COP28 — View of UAE President on Fossil Fuel Appropriate

It is not out of place to say that human beings breathe out around 3 lbs. of carbon dioxide every day!

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Based on its latest projections, EIA said global carbon dioxide emissions from energy activities will rise from 36 billion metric tons in 2012, the baseline year used for the 2016 outlook, to 43 billion metric tons in 2040. [ Photo: Credit: PhotoDisc/American Scientific]

Ever since the first Global Climate Meet organized in Berlin, Germany in 1995, until the ongoing COP 28 meeting taking place in Dubai under the Presidentship of UAE President, one theme that has been repeatedly discussed in every climate meet is that the use of fossil fuel, namely coal, crude oil, and natural gas, must be steadily curtailed and ultimately totally eliminated. These fossil fuels emit noxious gases such as carbon dioxide, sulfur dioxide, nitrous oxide, and methane, which are considered the chief villains causing global warming with disastrous consequences for the world.

During the COP 26 meeting at Glasgow and COP 27 meeting in Egypt, several countries, including the USA, China, and India, promised to achieve zero emissions of noxious gases according to a stipulated schedule, with India targeting the year 2070, and the USA and China targeting 2050.

However, the ground reality is that not much has changed, and the production and consumption of fossil fuels such as coal, crude oil, and natural gas are not declining but, on the other hand, steadily increasing. In other words, the targets set for eliminating the use of fossil fuels in earlier climate meetings appear to have all gone for a toss.

In such circumstances, the UN Secretary-General, speaking at the COP 28 Climate Meet, stressed that the plan for a future without the usage of fossil fuels has to be fully implemented; otherwise, there would be no other way to curb global warming. Before the beginning of the COP 28 Meet, he also said that the world appears to have lost its grip over climate control and projected a grim picture of the possible climate disaster in the coming years. The UN Secretary-General pointedly said, “We cannot save a burning planet with a fire hose of fossil fuels.”

At the same time, in the COP 28 Meet, the UAE President proposed embracing the continued use of fossil fuel.

Obviously, the UAE President, who presides over the COP 28 Meet, and the UN Secretary-General totally differ about the future of fossil fuels. Such differing views between these two important leaders in the COP 28 Climate Meet create huge doubt among the world community as to what the future of climate in the world would be.

A careful analysis of the ground reality would show that the desire and expectation of the UN Secretary-General are wishful and utopian, whereas the observation made by the UAE President is appropriate and pragmatic.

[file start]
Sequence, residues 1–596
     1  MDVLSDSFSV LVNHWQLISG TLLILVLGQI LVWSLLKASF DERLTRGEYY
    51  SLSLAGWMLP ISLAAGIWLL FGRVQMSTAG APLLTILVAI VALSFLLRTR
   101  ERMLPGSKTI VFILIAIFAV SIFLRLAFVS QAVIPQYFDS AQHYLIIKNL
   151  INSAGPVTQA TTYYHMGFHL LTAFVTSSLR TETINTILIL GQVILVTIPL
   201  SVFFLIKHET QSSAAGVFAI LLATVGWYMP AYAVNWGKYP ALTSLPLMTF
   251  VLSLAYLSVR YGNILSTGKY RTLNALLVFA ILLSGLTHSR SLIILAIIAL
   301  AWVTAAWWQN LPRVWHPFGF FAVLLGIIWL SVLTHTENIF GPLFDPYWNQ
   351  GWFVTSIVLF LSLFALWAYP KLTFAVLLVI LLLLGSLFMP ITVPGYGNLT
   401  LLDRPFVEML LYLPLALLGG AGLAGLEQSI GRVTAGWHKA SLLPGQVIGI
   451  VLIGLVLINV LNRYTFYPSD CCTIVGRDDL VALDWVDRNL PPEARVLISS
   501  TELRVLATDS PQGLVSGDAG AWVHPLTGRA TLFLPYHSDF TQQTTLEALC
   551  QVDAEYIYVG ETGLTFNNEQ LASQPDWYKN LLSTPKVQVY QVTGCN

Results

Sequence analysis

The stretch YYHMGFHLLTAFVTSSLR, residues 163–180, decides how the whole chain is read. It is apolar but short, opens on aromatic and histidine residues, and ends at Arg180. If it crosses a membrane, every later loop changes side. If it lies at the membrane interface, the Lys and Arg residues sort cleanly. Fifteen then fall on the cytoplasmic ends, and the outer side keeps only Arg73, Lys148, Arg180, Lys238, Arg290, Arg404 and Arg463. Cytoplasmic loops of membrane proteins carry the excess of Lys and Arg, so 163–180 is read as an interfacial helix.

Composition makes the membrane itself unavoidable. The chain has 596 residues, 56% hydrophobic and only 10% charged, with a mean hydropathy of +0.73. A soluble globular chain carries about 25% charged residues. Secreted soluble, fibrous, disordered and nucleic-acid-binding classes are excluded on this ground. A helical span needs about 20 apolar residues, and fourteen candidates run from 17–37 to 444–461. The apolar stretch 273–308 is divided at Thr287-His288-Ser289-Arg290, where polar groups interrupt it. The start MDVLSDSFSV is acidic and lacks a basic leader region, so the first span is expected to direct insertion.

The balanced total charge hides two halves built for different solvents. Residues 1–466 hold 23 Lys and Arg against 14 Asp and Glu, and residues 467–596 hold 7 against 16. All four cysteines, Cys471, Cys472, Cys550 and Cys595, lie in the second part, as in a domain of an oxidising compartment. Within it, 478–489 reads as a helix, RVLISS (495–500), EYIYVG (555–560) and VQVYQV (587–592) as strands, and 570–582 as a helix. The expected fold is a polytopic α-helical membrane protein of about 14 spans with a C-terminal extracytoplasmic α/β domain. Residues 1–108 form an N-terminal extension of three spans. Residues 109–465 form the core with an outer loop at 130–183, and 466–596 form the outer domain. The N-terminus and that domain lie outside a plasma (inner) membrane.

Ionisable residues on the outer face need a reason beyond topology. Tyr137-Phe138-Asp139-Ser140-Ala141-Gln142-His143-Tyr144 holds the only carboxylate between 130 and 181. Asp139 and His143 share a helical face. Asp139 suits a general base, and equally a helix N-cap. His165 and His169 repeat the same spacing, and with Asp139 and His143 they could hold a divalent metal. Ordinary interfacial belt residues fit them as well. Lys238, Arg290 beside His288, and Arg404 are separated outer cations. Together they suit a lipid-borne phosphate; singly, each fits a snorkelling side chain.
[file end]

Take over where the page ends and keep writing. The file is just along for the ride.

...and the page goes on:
There is no difference of opinion in the world that the use of fossil fuel has to be eliminated to achieve zero emissions and protect the global climate. A question arises as to whether it is possible to completely eliminate the use of fossil fuel.

Fossil fuels are the source of energy. As of the present date, the world’s economy would collapse in the absence of the use of fossil fuel, which is the predominant energy source for the world. Fossil fuel is an important source for sustaining economic development in the world and consequently protecting the social structure.

The problem today is that there is no alternative green energy source that would be eco-friendly and adequately available to replace fossil fuel to any significant level.

The alternate sources largely targeted are renewable energy and the generation of green hydrogen for use as fuel.

Renewable energy, namely solar, wind, and hydro power, has limitations as they are seasonal and have low capacity utilization of renewable power projects, less than 25%.

Regarding the green hydrogen project, it is power-intensive, and green power from renewable energy sources would not be adequate to generate a massive quantity of green hydrogen. It would be counterproductive to use fossil fuel-based power for the production of green hydrogen. Further, the production cost of green hydrogen is likely to be much higher than the production cost of grey or brown hydrogen produced from fossil fuel.

The other viable alternative is nuclear energy, about which there are many apprehensions regarding the toxic waste generated from nuclear fuel.

With no tangible solution to eliminate the use of fossil fuel in the foreseeable future, possibly COP28 Meet is taking place in a vacuum. This view is reflected in the speech made by the UAE President.

One option for the world is to reduce the demand for energy in all possible ways.

Technological improvements can be made to optimize energy usage to a limited extent. The ultimate solution is the reduction in energy demand and consequent reduction of fossil fuel consumption. This can happen only by gradually reducing the world population, which would reduce the demand for energy in tune with the population reduction.

It is not out of place to say that human beings breathe out around 3 lbs. of carbon dioxide every day!

As the COP 28 Meet will take place until December 12th, it would be good if one country or another stresses the need to reduce energy demand, advocating a fixation of the schedule for global population degrowth.


N. S. Venkataraman is a trustee with the "Nandini Voice for the Deprived," a not-for-profit organization that aims to highlight the problems of downtrodden and deprived people and support their cause and to promote probity and ethical values in private and public life and to deliberate on socio-economic issues in a dispassionate and objective manner.

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